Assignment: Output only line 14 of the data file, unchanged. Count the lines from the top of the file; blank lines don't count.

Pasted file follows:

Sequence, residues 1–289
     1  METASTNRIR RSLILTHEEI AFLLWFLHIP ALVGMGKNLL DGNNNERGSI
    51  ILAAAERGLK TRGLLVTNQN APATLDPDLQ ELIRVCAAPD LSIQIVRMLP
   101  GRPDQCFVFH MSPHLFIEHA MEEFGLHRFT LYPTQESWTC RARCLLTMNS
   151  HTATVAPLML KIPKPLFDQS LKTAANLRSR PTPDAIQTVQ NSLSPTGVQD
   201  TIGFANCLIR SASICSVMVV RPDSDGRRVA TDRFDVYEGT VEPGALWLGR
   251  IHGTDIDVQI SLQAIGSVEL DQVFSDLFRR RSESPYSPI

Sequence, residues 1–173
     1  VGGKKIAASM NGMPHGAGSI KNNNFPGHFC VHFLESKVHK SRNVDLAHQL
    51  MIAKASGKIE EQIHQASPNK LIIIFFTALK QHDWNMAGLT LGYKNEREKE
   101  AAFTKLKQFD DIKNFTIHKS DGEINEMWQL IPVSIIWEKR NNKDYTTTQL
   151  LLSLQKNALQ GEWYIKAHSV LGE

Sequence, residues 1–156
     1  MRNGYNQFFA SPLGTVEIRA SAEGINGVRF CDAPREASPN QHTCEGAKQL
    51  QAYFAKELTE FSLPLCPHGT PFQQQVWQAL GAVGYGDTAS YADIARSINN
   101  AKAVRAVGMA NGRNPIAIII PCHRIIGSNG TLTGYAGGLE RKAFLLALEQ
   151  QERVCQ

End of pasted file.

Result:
     1  MRNGYNQFFA SPLGTVEIRA SAEGINGVRF CDAPREASPN QHTCEGAKQL